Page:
June 16, 2010
Have you heard of Alvin Greene? He is the current Democratic challenger to incumbent U.S. Senator Jim DeMint. What’s shocking is that Alvin Greene got 59% of the vote in a primary where he had no signs and no advertisements. He raised very little money. Greene defeated Vic Rawl, a former state lawmaker who was virtually assured to challenge DeMint.
That was, until Monday. Democratic leaders are considering appealing to the state Supreme Court to claim that electronic machines could be to blame. Even the top U.S. Congressman from South Carolina (Democrat Jim Clyburn) is calling on state and federal investigators to learn how he raised the $10,440 to file to run. Clyburn and others claim that someone put up the money to put Greene as a Democrat to embarrass the party. Read the rest of this entry »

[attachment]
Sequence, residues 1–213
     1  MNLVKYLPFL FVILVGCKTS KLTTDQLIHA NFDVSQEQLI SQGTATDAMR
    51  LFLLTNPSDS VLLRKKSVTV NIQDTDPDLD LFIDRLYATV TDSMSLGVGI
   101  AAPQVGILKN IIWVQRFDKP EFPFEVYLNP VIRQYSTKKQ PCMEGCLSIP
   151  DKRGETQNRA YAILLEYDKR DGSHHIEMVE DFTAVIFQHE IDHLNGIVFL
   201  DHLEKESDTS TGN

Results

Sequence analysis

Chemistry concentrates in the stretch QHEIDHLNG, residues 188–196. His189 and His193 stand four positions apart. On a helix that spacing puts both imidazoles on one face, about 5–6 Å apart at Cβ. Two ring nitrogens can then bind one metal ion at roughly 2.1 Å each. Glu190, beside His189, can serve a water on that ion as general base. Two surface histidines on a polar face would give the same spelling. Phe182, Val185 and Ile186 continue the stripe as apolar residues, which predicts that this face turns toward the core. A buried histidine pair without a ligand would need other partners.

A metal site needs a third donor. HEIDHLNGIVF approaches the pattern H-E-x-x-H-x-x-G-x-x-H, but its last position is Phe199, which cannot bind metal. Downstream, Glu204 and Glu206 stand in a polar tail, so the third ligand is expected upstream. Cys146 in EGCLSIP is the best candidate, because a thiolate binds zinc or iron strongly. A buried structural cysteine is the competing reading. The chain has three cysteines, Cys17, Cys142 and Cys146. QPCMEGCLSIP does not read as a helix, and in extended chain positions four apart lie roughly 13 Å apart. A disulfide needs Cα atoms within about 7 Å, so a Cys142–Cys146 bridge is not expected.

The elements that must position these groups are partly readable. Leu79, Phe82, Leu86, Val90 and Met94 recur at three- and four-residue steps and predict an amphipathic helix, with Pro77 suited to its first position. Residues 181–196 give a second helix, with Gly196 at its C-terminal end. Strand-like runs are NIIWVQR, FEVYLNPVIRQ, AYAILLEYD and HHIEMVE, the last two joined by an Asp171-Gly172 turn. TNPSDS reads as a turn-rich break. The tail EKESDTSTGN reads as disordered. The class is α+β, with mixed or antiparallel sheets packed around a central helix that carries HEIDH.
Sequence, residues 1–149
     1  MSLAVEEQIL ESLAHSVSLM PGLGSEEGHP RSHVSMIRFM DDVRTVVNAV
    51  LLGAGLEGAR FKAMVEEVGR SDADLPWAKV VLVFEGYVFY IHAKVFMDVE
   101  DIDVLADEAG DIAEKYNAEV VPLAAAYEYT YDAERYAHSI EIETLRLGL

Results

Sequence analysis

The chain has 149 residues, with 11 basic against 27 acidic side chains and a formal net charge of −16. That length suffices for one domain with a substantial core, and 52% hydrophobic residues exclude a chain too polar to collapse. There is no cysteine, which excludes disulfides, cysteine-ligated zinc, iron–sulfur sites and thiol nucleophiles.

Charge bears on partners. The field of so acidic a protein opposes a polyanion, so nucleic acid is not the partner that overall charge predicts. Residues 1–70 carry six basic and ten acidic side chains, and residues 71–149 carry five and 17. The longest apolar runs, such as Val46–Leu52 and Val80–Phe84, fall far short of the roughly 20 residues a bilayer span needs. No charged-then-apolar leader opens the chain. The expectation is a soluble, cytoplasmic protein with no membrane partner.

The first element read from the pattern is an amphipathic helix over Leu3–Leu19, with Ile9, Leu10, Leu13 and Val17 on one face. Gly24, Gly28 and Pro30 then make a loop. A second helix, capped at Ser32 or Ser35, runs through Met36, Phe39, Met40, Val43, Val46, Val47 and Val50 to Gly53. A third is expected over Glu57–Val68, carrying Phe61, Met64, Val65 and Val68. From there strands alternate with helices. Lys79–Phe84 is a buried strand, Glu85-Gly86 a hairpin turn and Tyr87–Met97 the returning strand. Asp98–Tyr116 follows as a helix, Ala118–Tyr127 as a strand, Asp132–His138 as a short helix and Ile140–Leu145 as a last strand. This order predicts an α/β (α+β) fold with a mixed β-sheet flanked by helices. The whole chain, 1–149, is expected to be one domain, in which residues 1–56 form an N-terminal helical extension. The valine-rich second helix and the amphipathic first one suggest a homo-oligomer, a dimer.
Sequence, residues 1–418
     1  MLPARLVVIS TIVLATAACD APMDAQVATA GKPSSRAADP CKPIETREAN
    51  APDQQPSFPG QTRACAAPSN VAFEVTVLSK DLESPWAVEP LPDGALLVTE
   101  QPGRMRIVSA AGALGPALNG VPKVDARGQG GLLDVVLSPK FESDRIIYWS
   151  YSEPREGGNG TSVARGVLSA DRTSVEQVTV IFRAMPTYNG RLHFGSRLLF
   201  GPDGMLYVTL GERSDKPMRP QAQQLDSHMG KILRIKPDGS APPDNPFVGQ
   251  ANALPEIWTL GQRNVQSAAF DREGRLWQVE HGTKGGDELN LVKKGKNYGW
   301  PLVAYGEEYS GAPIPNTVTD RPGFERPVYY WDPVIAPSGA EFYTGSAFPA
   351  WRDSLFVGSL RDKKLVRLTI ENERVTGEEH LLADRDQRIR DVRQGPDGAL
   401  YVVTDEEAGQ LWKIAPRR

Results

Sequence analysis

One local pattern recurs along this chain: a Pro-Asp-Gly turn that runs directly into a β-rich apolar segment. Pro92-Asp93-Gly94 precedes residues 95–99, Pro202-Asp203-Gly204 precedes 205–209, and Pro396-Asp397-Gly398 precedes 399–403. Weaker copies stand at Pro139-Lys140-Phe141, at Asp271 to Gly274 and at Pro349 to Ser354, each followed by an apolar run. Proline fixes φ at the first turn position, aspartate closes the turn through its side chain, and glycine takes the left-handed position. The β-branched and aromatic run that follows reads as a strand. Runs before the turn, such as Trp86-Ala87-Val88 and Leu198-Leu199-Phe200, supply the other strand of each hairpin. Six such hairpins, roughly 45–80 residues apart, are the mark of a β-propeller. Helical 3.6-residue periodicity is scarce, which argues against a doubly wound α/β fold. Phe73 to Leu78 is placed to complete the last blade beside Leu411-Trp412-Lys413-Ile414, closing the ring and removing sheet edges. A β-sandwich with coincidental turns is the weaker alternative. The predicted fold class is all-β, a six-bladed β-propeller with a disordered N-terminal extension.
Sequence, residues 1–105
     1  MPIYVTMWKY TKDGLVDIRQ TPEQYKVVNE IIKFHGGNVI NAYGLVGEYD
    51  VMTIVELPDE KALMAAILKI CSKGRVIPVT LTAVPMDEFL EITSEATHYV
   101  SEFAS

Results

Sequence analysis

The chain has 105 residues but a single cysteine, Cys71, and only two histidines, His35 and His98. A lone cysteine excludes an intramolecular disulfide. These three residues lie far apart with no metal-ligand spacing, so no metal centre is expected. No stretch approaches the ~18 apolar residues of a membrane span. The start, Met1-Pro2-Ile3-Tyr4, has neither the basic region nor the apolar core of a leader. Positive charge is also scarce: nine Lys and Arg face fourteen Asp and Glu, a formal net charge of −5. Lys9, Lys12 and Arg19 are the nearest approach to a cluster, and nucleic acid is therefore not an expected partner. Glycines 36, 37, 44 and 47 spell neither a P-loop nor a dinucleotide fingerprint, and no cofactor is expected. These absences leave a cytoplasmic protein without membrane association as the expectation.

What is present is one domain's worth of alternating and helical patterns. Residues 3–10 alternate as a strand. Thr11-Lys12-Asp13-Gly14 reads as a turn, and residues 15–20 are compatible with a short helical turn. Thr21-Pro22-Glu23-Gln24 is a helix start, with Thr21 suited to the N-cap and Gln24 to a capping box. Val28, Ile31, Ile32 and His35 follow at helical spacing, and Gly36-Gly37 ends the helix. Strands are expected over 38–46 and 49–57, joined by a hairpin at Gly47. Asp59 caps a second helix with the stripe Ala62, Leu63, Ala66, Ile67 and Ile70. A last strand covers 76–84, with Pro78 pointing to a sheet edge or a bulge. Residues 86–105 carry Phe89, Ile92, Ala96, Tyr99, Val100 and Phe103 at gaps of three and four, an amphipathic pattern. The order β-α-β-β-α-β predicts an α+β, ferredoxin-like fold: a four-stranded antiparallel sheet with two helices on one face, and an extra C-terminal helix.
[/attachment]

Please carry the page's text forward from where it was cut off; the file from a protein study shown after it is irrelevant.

June 14, 2010
Before I get into the positives and negatives that come with using such a system, an explanation of our current system is in order. Currently, the United States uses a system called Single Member District Plurality (SMDP). The system is pretty self-explanatory: an election for one member of a legislature or local council is decided by whoever has the most votes, regardless of whether the top finisher gets 50 percent of the vote. The only states where this is not the case is in Louisiana and Washington, where the top two vote getters in all elections proceed to a runoff election if no one gets above 50 percent of the vote (with the passing of Proposition 14, California will also be added to this list). The SMDP system is also used in the United Kingdom, Canada, and South Korea.
Read the rest of this entry »